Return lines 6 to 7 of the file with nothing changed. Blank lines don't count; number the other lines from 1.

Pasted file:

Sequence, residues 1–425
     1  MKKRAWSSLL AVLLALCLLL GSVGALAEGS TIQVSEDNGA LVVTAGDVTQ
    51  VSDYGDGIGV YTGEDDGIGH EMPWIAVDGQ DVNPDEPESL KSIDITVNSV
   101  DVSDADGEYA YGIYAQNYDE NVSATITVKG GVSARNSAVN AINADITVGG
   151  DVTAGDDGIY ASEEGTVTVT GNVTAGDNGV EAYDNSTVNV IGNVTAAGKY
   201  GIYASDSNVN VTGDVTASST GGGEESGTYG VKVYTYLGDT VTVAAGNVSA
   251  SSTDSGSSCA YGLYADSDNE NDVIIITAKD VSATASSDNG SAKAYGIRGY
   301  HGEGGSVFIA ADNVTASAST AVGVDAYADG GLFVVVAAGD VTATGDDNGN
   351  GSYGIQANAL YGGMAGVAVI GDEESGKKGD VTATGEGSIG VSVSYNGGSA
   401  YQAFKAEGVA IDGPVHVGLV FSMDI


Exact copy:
   201  GIYASDSNVN VTGDVTASST GGGEESGTYG VKVYTYLGDT VTVAAGNVSA
   251  SSTDSGSSCA YGLYADSDNE NDVIIITAKD VSATASSDNG SAKAYGIRGY